-- =============================================
-- Create date: 09/01/2006
-- Description: Gets the property value from
--              the Asp.Net profile.
--              @PropertyName – The property to
--              be found.
--              @PropertyNamesString – The
--              property names information.
--              @PropertyValuesString – The
--              property values information
-- =============================================
CREATE FUNCTION [dbo].[GetProfilePropertyValue] (  
    @PropertyName as varchar(max)
    , @PropertyNamesString as varchar(max)
    , @PropertyValuesString as varchar(max)) 
RETURNS varchar(max)
    DECLARE @StartIndex int
    DECLARE @EndIndex int
    DECLARE @StartPos int
    DECLARE @Length int
    -- First we find the starting position
    Set @StartIndex = PatIndex('%' + @PropertyName + ':%', @PropertyNamesString) + LEN(RTRIM(@PropertyName)) + 3
    Set @EndIndex = PatIndex('%:%', Right(@PropertyNamesString, LEN(@PropertyNamesString) - @StartIndex))
    Set @StartPos = Cast(Substring(@PropertyNamesString, @StartIndex, @EndIndex) As Int)
    -- Now we need to know how long it is
    Set @StartIndex = @StartIndex + @EndIndex + 1
    Set @EndIndex = PatIndex('%:%', Right(@PropertyNamesString, LEN(@PropertyNamesString) - @StartIndex))
    Set @Length = Cast(Substring(@PropertyNamesString, @StartIndex, @EndIndex) As int)
    -- Now we get the value we want
    RETURN SUBSTRING(@PropertyValuesString, @StartPos + 1, @Length)

That was easy, now all we need to do is run a query that gets the info.

    dbo.GetProfilePropertyValue('LastName', PropertyNames, PropertyValuesString)
    , dbo.GetProfilePropertyValue('FirstName', PropertyNames, PropertyValuesString)
    , dbo.GetProfilePropertyValue('Phone', PropertyNames, PropertyValuesString)
FROM aspnet_Profile

Joining with the aspnet_Users on UserID will give you the user name and email.

Technorati Tags: ,,

Subscribe in a reader

Thursday, March 15, 2007

Generate Custom Business Object Properties from SQL Server Tables

In the never ending debate between using datasets and using custom business objects (CBOs), one of the main knocks on CBOs is that they take more time to code. You have to write the properties and create getters and setters for each, code the DB calls, etc.

Of course, you could always get yourself a code generator but those cost money. On the other hand, Sql Server 2005 has made this a little easier with some System Views. Look at the Information_Schema views and you’ll find a whole bunch of really nice info. The one we’re going to use today is the Columns view.

The first steps we need is to be able to convert from Sql datatypes to .Net types. This handy little Sql function will do our conversion for us. You can simply delete the function when our done generating.

-- =============================================
-- Create date: 03/15/2007
-- Description: Returns the correct Net datatype
-- from Sql datatype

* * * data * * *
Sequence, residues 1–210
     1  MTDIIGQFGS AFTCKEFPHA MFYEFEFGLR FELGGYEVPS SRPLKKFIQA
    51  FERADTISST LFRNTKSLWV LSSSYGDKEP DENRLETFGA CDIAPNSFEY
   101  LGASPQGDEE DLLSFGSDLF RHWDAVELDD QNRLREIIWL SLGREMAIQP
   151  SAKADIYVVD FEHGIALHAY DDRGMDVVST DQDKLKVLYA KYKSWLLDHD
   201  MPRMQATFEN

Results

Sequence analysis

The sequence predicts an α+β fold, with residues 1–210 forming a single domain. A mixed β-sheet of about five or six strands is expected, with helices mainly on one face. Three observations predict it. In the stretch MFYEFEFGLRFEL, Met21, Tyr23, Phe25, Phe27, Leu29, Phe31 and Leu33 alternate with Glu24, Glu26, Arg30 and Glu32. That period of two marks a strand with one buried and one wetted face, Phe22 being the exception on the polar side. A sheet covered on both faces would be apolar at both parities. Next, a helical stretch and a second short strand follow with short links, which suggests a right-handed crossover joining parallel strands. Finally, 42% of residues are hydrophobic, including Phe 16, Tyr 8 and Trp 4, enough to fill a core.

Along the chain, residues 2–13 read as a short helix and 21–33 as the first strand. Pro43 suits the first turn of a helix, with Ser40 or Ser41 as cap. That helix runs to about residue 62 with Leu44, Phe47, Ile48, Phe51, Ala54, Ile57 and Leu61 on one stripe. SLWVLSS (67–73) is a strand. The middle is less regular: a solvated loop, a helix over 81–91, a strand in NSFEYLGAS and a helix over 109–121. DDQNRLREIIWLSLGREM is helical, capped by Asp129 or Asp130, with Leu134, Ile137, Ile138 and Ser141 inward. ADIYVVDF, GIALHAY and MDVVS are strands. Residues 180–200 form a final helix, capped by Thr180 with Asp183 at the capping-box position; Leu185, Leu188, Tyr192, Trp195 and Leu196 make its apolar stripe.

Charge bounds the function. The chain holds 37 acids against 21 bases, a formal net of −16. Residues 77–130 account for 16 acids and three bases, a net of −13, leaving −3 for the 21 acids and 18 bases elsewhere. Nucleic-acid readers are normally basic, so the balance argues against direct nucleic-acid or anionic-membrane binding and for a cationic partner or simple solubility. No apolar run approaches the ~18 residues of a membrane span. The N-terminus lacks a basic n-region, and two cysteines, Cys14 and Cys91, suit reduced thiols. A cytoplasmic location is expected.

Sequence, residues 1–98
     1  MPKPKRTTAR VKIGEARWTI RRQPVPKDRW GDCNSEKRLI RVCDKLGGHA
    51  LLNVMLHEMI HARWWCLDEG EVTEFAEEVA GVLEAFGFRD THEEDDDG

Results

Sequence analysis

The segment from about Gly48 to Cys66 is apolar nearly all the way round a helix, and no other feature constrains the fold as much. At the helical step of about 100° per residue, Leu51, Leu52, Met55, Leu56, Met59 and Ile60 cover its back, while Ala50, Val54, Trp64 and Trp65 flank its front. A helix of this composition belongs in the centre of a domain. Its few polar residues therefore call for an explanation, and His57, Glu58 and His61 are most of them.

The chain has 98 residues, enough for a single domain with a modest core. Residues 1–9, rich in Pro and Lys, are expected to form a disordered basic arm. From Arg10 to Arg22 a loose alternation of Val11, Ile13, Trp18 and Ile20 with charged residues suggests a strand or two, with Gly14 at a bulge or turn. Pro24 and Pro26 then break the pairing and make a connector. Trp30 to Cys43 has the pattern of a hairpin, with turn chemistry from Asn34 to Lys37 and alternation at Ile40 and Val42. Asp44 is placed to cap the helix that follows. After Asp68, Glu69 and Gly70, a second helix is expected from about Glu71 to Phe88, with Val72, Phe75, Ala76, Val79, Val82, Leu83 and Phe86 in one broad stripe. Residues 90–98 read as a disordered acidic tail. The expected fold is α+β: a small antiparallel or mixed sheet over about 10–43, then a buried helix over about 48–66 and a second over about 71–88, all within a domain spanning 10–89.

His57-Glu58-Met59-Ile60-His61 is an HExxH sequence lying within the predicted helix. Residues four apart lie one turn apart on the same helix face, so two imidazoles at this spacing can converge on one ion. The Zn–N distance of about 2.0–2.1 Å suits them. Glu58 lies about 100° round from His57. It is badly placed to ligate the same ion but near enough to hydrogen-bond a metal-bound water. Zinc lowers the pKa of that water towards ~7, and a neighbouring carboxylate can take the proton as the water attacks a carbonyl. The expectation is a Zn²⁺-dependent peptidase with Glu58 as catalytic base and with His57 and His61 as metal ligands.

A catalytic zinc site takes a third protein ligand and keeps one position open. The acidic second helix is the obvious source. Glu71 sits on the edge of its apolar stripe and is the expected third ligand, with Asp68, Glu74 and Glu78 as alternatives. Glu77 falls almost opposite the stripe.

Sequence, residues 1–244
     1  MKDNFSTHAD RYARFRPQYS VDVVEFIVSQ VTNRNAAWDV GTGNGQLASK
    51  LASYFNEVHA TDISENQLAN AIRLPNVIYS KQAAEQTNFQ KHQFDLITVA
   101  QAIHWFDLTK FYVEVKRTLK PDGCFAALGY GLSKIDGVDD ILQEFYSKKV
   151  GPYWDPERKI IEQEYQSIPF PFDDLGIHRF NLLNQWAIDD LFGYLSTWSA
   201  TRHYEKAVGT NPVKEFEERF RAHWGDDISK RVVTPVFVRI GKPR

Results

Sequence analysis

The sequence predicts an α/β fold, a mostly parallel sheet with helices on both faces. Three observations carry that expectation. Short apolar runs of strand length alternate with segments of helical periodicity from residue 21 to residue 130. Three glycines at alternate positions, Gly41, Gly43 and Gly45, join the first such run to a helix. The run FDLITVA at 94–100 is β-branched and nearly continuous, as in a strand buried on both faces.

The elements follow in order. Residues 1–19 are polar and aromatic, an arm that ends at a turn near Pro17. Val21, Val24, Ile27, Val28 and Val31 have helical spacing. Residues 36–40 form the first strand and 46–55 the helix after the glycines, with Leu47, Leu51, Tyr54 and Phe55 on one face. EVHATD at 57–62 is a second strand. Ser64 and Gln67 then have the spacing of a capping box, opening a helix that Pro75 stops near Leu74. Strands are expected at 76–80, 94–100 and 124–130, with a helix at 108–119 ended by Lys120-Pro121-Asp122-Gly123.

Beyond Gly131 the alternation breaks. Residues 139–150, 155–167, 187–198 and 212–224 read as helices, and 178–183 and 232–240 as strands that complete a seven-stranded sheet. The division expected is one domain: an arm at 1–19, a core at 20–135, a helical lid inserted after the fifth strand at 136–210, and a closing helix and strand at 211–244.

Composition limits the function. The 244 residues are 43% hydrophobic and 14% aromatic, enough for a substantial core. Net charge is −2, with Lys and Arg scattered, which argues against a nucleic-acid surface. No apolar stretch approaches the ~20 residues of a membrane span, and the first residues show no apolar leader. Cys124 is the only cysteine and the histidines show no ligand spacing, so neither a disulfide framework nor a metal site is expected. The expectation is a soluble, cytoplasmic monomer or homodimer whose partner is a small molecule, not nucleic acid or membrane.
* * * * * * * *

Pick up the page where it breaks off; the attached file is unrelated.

-- =============================================
    @SqlDataType nvarchar(128)
RETURNS nvarchar(128)
-- Declare the return variable here
    DECLARE @NetDataType nvarchar(128)
    SELECT @NetDataType = CASE
        WHEN @SqlDataType = 'varbinary' THEN 'Byte[]'
        WHEN @SqlDataType = 'binary' THEN 'Byte[]'
        WHEN @SqlDataType = 'varchar' THEN 'String'
        WHEN @SqlDataType = 'char' THEN 'String'
        WHEN @SqlDataType = 'nvarchar' THEN 'String'
        WHEN @SqlDataType = 'nchar' THEN 'String'
        WHEN @SqlDataType = 'text' THEN 'String'
        WHEN @SqlDataType = 'ntext' THEN 'String'
        WHEN @SqlDataType = 'uniqueidentifier' THEN 'Guid'
        WHEN @SqlDataType = 'rowversion' THEN 'Byte[]'
        WHEN @SqlDataType = 'bit' THEN 'Boolean'
        WHEN @SqlDataType = 'tinyint' THEN 'Byte'
        WHEN @SqlDataType = 'smallint' THEN 'Int16'
        WHEN @SqlDataType = 'int' THEN 'Integer'
        WHEN @SqlDataType = 'bigint' THEN 'Int64'
        WHEN @SqlDataType = 'smallmoney' THEN 'Decimal'
        WHEN @SqlDataType = 'money' THEN 'Decimal'
        WHEN @SqlDataType = 'numeric' THEN 'Decimal'
        WHEN @SqlDataType = 'decimal' THEN 'Decimal'
        WHEN @SqlDataType = 'real' THEN 'Single'
        WHEN @SqlDataType = 'float' THEN 'Double'
        WHEN @SqlDataType = 'smalldatetime' THEN 'DateTime'
        WHEN @SqlDataType = 'datetime ' THEN 'DateTime'
    RETURN @NetDataType

Now we can run a query against Information_Schema.Columns to get the columns of our table and gen the code for the properties. I’ve included VB and C# codes. It may be easier to get the code from the Text (Ctrl-T) of the result window rather than the grid view (Ctrl-D).

DECLARE @CRLF as varchar(2)
Set @CRLF = CHAR(13) + CHAR(10)
DECLARE @TAB as varchar(2)
Set @TAB = CHAR(9)
-- This produces VB code
SELECT 'private m' + Column_Name + ' as ' + dbo.GetNetDataType(data_type) + @CRLF
    + 'Public Property ' + Column_Name + ' as ' + + dbo.GetNetDataType(data_type) + @CRLF
    + 'Get' + @CRLF
    + 'return m' + Column_Name + @CRLF
    + 'End Get' + @CRLF
    + 'Set(value as ' + dbo.GetNetDataType(data_type) + ')' + @CRLF
    + 'm' + Column_Name + ' = value ' + @CRLF
    + 'End Set' + @CRLF
    + 'End Property' + @CRLF + @CRLF
FROM information_schema.columns
WHERE Table_Name = 'MyTable'
ORDER BY Column_Name

-- This produces C# code
SELECT @TAB + 'private ' + dbo.GetNetDataType(data_type) + ' m' + Column_Name + ';' + @CRLF
    + @TAB + 'public ' + dbo.GetNetDataType(data_type) + ' ' + Column_Name + ' {' + @CRLF
    + @TAB + @TAB + 'get {' + @CRLF
    + @TAB + @TAB + @TAB + 'return m' + Column_Name + ';' + @CRLF
    + @TAB + @TAB +  '}' + @CRLF
    + @TAB + @TAB + 'set { ' + @CRLF
    + @TAB + @TAB + @TAB + 'm' + Column_Name + ' = value;' + @CRLF
    + @TAB + @TAB + '}' + @CRLF
    + @TAB + '}' + @CRLF  + @CRLF
FROM information_schema.columns
WHERE Table_Name = 'MyTable'
ORDER BY Column_Name
Next time I’ll look at how to generate the parameters for your stored procedures.

Friday, March 9, 2007

Start it off Right!

Wow, my first blog post. Need to start it off right!! The Steelers Rule!!